is one of the largest rooms in the mansion and owes its name to its
function. It is here that foreign ambassadors present their credentials
to the President of the Republic. The room is also used for the swearing-in
of members of the government, for the presentation of awards and decorations,
as well as for receptions.
This room was designed at the beginning of the twentieth century
as a ballroom and constituted an important addition to the existing
building. The work was assigned to Ziller by Princess Sophia in
1909. The extension was judged necessary because the main reception
hall on the first floor was no longer adequate.
Ziller drew up two alternative designs for the roof of the room.
The one which was finally chosen and realized was an innovative
dome-shaped metal construction with a span of 10 metres and a length
of 24 metres. The supervision of the work was carried out by the
palace architect, Anastassios Metaxas.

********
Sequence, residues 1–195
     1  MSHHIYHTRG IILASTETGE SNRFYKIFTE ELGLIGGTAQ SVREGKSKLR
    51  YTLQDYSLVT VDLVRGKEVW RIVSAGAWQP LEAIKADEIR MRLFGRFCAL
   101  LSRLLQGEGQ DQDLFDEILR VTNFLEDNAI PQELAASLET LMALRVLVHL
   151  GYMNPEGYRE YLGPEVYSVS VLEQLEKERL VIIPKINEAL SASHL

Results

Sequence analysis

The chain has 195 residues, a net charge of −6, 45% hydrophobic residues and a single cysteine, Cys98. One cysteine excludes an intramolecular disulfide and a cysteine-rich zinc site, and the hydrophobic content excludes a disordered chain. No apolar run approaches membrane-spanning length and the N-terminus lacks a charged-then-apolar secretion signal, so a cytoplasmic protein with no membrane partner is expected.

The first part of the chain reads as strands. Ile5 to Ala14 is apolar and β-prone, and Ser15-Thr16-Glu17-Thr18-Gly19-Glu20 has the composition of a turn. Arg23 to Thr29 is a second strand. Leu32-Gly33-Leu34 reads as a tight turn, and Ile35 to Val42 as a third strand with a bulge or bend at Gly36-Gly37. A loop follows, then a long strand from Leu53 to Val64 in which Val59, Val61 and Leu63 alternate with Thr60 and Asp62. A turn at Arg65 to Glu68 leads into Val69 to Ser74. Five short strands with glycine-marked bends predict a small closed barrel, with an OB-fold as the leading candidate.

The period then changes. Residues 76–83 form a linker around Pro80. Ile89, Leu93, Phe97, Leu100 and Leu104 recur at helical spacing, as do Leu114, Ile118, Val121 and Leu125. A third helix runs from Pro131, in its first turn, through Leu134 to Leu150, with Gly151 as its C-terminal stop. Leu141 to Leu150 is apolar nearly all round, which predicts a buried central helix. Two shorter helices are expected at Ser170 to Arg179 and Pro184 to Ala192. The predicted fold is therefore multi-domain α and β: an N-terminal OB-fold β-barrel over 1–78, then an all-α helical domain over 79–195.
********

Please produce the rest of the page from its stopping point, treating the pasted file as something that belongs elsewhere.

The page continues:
wealth of decoration in its interior is of special interest. Eight
Ionic columns have been placed in pairs along the room. Their arrangement
visually divides the room into three sections. In the middle section
a small alcove is formed where there is a fireplace and exactly
opposite there is a row of large windows. Above the alcove is the
The furniture which decorates this space and the large floor candlesticks
originate in the French ateliers of the seventeenth, eighteenth
and nineteenth centuries.
Leading to the Credentials' Lounge is a large oblong anteroom. Its
walls are adorned with paintings by the well-known Greek artists,
L. Geralis, P. Prosalentis, B. Hadzis and O. Fokas.